Words by Jerry Silvester
Not every piece of art relating to an unpleasant event consumes us in a way we want to resist. In fact, sometimes just as we’re ready to close the door on a certain chapter of inner turmoil we’ve endured, we realise that this piece of art, essay, or film, may be the culmination that is gently nudging us towards the exit sign, armed with a little more digestible clarity than we would’ve had beforehand. Perhaps this concept is not too dissimilar to Zadie’s description in the foreword of her latest essay collection, in which she details that for the first time in her life, she picked up a book, “not as an academic exercise, nor in pursuit of pleasure, but with the same attitude I bring to the instructions for a flat pack-table- I was in need of practical assistance”.
Zadie smith’s latest book Intimations, a collection of six short essays, is both petite and understated aesthetically, whilst unabating in sincerity and commitment to observation and dialogue throughout. The collection is a volume of intimate deliberations that descend deep into hidden pockets of people’s lives. In each essay, Zadie picks apart her own thought processes about human beings, and of humans, being. Every chapter is a crucial and coalescent puzzle piece with reference to suffering, but also of indifference, of class, of race, and of privilege.
Zadie’s ability to annotate the behaviour of those who live in her neighbourhood, strikes both humorous and relatable cords, especially when referencing social distancing rules, which now stand to represent this very particular moment in time, forever. When introduced to Barbara, readers quickly learn that she is endearingly oblivious to both her dog’s bad behaviour, “The funny thing about Barbara is she has a little dog whom she insists is a well-behaved dog but who, in reality, either barks or tries to bite pretty much everyone who comes near – except Barbara”, and her own unusual and somewhat socially awkward attempts at interacting with Zadie, “Sometimes, if I’d published a piece in a magazine that day, or a book of mine had just come out, she’d start shouting at me from six feet away, repeating some small, unlikely detail of whatever it was that had struck her, but without any further commentary, complimentary or otherwise”. This essay ends with, seemingly, the first meaningful exchange between Zadie and Barbara, motivated by the current social crisis. Barbara said, “Nothing to be afraid of – we’ll get through this, all of us, together.” This appears to leave Zadie uncharacteristically lost for words: “’Yes we will’, I whispered, hardly audible”.
In the essay, “Suffering like Mel Gibson”, Zadie is clear and concise in her analysis of the economic disparities made painfully apparent by the actuality of COVID-19. “More poor people are dying than rich. The virus map of New York boroughs turns redder along precisely the same lines as it would if the relative shade of crimson counted not infection and death but income brackets and middle-school ratings”. This point is furthered to emphasise the shift in mindset of the general public as a result of such widespread violent subjugation of the working class and minorities, when Zadie goes on to state, “What was once necessary appears inessential; what was taken for granted, unappreciated and abused now reveals itself to be central to our existence. People find themselves applauding a national health service that their own government criminally underfunded and neglected these past ten years”.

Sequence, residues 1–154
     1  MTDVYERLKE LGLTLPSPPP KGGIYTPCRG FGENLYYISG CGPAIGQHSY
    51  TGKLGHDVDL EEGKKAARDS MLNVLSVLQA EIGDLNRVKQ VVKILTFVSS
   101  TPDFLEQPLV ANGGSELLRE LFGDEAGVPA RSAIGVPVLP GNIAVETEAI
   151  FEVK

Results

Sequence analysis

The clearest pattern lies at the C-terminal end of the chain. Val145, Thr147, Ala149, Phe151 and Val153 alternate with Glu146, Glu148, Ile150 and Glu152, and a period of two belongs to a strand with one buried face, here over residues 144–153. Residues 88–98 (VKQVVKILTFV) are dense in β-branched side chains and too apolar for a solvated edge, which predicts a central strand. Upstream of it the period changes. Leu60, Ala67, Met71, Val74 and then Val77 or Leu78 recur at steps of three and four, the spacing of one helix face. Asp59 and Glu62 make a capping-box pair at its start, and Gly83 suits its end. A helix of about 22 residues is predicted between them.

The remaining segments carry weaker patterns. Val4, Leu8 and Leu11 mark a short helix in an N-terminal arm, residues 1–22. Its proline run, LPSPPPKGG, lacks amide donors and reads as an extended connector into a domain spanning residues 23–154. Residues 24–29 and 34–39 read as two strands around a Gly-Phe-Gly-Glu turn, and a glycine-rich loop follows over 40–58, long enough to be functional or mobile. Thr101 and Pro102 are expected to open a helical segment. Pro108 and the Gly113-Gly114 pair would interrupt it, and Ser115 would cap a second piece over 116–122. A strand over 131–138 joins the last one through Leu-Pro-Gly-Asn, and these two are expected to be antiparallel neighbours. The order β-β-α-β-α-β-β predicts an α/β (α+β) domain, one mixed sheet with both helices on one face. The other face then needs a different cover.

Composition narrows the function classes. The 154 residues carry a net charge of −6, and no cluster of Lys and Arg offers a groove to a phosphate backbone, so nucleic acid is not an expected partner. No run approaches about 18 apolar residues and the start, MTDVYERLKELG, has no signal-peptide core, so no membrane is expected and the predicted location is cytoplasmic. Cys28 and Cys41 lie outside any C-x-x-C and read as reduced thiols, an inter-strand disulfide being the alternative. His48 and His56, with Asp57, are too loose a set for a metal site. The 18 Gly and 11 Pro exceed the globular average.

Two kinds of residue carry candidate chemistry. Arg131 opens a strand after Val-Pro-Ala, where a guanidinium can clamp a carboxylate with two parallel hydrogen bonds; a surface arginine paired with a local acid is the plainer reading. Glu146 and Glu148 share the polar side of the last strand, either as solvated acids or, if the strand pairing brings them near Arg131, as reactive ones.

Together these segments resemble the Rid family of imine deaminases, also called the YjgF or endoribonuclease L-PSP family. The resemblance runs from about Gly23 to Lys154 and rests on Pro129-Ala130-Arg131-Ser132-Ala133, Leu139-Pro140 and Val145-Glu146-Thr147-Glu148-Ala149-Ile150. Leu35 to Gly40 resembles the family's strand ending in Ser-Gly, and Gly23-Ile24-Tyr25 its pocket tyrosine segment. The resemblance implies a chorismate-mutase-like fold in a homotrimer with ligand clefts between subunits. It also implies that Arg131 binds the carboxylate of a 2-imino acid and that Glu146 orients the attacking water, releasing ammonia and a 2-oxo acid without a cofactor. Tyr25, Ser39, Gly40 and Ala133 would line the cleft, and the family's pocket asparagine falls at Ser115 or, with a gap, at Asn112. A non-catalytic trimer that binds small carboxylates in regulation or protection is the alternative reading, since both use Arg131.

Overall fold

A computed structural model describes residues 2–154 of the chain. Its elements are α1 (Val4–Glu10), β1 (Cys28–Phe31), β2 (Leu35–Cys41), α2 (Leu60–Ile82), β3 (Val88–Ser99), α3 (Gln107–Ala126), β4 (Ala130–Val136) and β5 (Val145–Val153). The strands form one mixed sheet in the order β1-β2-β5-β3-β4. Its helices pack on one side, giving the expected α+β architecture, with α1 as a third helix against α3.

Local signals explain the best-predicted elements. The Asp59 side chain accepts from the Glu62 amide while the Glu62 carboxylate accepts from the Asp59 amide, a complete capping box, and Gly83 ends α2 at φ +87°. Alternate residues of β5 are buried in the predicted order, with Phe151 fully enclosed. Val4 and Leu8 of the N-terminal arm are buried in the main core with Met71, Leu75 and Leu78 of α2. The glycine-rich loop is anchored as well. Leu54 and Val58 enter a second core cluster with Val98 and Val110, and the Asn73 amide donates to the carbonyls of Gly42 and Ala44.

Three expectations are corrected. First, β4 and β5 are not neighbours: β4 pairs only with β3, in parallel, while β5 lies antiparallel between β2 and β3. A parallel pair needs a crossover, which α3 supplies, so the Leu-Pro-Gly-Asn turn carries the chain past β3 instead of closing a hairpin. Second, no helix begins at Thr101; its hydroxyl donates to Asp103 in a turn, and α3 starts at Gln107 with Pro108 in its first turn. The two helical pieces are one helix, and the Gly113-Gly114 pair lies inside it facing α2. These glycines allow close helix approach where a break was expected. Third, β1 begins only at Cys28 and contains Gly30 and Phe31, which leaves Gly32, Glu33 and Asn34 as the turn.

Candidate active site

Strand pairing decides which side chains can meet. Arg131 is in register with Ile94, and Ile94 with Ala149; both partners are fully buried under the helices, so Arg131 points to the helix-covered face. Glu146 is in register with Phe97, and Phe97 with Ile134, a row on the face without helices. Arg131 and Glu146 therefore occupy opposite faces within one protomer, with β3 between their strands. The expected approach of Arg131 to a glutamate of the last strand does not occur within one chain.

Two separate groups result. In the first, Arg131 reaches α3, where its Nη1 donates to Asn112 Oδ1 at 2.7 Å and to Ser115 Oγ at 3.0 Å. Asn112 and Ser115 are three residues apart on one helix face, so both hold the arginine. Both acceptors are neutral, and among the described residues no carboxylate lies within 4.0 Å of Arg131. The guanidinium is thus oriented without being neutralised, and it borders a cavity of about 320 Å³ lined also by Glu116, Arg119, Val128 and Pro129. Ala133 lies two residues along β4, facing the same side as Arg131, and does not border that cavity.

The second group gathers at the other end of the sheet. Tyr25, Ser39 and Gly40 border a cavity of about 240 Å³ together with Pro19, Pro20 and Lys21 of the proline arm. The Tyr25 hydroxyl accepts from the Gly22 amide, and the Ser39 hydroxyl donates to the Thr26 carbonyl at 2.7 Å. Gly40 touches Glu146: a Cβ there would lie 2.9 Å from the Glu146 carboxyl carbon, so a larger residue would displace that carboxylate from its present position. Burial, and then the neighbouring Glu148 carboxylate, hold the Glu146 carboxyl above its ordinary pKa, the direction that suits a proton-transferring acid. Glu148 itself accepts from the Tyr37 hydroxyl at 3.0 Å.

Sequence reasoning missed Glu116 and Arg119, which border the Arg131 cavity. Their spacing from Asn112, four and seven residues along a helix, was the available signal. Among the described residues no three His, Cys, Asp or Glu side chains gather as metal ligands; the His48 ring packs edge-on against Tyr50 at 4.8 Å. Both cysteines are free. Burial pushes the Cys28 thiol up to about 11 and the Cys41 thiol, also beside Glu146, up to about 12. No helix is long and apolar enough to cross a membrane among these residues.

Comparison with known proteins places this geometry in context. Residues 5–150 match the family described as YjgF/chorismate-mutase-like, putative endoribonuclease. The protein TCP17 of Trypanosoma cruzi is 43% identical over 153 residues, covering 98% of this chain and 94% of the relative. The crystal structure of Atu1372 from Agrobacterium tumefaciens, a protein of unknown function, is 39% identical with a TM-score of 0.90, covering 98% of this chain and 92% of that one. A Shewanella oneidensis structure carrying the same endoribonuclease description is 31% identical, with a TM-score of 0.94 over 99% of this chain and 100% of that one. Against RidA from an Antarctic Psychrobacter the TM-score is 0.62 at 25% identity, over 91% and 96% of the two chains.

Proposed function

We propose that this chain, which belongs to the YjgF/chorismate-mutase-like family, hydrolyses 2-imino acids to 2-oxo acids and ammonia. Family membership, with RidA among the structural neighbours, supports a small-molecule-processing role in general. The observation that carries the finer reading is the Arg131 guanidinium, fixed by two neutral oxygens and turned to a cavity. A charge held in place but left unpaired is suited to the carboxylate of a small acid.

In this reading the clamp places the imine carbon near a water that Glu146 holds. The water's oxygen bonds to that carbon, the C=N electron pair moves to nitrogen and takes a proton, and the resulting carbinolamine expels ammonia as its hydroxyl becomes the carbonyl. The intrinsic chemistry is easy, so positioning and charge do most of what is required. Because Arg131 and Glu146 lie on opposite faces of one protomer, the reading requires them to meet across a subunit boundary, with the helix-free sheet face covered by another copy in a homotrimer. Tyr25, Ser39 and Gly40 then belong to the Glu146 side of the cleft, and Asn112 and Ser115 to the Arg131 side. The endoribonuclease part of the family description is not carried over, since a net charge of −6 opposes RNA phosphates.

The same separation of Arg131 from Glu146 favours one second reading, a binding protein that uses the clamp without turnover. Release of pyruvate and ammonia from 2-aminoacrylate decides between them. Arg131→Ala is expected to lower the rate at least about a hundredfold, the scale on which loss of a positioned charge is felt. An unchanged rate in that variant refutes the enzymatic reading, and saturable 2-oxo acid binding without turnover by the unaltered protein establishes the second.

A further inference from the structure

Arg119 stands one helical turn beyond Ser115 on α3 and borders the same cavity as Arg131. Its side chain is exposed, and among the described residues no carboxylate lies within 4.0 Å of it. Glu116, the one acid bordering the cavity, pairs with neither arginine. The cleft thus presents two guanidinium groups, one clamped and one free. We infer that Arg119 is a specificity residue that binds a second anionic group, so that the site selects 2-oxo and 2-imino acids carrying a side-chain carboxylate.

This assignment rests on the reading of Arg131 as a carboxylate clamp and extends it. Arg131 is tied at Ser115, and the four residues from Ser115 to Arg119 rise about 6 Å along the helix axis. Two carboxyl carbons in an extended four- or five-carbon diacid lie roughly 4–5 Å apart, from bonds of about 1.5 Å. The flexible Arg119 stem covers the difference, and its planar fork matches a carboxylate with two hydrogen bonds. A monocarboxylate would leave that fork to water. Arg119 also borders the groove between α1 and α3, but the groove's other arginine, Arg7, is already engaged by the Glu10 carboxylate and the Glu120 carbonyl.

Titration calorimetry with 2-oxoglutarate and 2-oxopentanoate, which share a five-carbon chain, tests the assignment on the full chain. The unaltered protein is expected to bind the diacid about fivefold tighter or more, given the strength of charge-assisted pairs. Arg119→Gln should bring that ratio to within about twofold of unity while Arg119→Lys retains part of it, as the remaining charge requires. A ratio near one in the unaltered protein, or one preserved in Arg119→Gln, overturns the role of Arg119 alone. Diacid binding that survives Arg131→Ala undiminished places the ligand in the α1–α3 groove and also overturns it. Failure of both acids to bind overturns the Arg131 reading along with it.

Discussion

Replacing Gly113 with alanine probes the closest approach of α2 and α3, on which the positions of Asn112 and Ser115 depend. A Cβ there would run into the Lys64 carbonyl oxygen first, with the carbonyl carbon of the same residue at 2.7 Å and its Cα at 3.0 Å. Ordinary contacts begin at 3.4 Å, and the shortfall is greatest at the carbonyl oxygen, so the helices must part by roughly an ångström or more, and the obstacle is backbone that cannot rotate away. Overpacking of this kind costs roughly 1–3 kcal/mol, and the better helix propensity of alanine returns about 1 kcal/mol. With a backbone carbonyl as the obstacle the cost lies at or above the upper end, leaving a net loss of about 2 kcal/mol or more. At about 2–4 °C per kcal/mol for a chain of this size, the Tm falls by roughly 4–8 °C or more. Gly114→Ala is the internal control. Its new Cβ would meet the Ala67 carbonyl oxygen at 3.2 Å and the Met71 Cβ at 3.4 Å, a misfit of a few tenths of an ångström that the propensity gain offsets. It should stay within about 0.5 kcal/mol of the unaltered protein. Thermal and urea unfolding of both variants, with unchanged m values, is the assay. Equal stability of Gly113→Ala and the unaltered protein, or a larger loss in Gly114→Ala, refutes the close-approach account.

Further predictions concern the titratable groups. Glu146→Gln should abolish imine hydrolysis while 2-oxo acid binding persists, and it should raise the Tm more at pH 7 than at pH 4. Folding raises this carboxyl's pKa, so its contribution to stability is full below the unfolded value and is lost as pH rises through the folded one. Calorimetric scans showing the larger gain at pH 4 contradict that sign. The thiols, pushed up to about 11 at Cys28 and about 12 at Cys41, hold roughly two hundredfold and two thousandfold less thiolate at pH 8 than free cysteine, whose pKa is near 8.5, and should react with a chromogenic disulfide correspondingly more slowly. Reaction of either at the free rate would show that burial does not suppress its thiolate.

Sympathising with experiences of suffering of which she admittedly cannot rationally contextualise herself, Zadie is unapologetic in establishing a definition of suffering in a way that she sees fit. “Suffering is not relative; it is absolute. Suffering has an absolute relation to the suffering individual – it cannot be easily mediated by a third term like privilege. If it could, the CEO’S daughter would never starve herself, nor the movie idol ever put a bullet in his own brain”.
Polarisation between the rich and the poor has little meaning to Zadie when seeking to speak of social order and ideologies, it’s instead proposed as merely a social construct that has potential for reformation, “Class is a bubble, formed by privilege, shaping and manipulating your conception of reality. But it can at least be brought to mind; acknowledged, comprehended even atoned for through transformative action”
Although there isn’t an explicit reference to Black Lives Matter, Zadie likens systemic racism to a virus, of which she conceives to be contempt in its truest form. Referencing George Floyd’s murder as, “the virus in its most deadly manifestation”, this emotive essay appears intentionally left till last, so as to leave its mark, and thus encouraging the conversation to continue, questioning the current racially motivated exclusion and inciting of violence, embedded parasitically in society. Considering the likeliness of a world that would be willing to challenge any current unjust segregation, Zadie writes, “There would no longer be those who are taught Latin and those who are barely taught to read. There would no longer be too many people who count their wealth in the multi-millions and too many who live hand to mouth… But the question has become: Has America metabolised contempt? Has it lived with the virus so long that it no longer fears it?”
Much like Zadie’s decision to donate all royalties from this book to charity, her astute and often deeply personal observations are given freely and unstintingly in this essay collection. An exceptional exploration of life as we know it at present that is, perhaps, just what we need right now.